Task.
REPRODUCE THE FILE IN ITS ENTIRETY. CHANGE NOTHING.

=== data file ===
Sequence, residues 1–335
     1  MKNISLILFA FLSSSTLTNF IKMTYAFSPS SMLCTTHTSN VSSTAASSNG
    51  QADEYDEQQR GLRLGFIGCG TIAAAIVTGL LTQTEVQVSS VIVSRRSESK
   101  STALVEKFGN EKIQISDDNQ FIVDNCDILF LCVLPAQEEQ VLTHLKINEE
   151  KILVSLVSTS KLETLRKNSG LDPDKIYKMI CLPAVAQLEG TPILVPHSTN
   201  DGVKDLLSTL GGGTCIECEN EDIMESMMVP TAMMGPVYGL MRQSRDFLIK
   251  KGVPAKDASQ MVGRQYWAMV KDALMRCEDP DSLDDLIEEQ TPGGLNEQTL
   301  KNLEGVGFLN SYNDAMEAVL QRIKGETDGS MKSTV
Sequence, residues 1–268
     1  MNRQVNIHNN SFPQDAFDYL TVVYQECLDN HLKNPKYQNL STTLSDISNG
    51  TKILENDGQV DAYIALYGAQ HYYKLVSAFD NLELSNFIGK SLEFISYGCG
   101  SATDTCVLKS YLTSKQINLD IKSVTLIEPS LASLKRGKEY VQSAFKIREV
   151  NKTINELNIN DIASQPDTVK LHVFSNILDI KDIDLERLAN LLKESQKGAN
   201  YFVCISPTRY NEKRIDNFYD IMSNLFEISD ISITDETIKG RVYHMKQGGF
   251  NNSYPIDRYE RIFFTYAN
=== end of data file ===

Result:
Sequence, residues 1–335
     1  MKNISLILFA FLSSSTLTNF IKMTYAFSPS SMLCTTHTSN VSSTAASSNG
    51  QADEYDEQQR GLRLGFIGCG TIAAAIVTGL LTQTEVQVSS VIVSRRSESK
   101  STALVEKFGN EKIQISDDNQ FIVDNCDILF LCVLPAQEEQ VLTHLKINEE
   151  KILVSLVSTS KLETLRKNSG LDPDKIYKMI CLPAVAQLEG TPILVPHSTN
   201  DGVKDLLSTL GGGTCIECEN EDIMESMMVP TAMMGPVYGL MRQSRDFLIK
   251  KGVPAKDASQ MVGRQYWAMV KDALMRCEDP DSLDDLIEEQ TPGGLNEQTL
   301  KNLEGVGFLN SYNDAMEAVL QRIKGETDGS MKSTV
Sequence, residues 1–268
     1  MNRQVNIHNN SFPQDAFDYL TVVYQECLDN HLKNPKYQNL STTLSDISNG
    51  TKILENDGQV DAYIALYGAQ HYYKLVSAFD NLELSNFIGK SLEFISYGCG
   101  SATDTCVLKS YLTSKQINLD IKSVTLIEPS LASLKRGKEY VQSAFKIREV
   151  NKTINELNIN DIASQPDTVK LHVFSNILDI KDIDLERLAN LLKESQKGAN
   201  YFVCISPTRY NEKRIDNFYD IMSNLFEISD ISITDETIKG RVYHMKQGGF
   251  NNSYPIDRYE RIFFTYAN